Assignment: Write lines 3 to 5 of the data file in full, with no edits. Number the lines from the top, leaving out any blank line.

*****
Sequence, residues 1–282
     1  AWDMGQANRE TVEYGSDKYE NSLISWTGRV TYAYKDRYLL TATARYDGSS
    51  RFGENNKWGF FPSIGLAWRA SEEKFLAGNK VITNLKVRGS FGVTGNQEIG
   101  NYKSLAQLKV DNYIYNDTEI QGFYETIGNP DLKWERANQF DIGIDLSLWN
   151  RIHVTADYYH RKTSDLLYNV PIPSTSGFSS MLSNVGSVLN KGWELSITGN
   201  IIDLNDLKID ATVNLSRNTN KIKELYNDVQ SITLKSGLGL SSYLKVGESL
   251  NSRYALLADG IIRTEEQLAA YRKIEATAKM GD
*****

    51  RFGENNKWGF FPSIGLAWRA SEEKFLAGNK VITNLKVRGS FGVTGNQEIG
   101  NYKSLAQLKV DNYIYNDTEI QGFYETIGNP DLKWERANQF DIGIDLSLWN
   151  RIHVTADYYH RKTSDLLYNV PIPSTSGFSS MLSNVGSVLN KGWELSITGN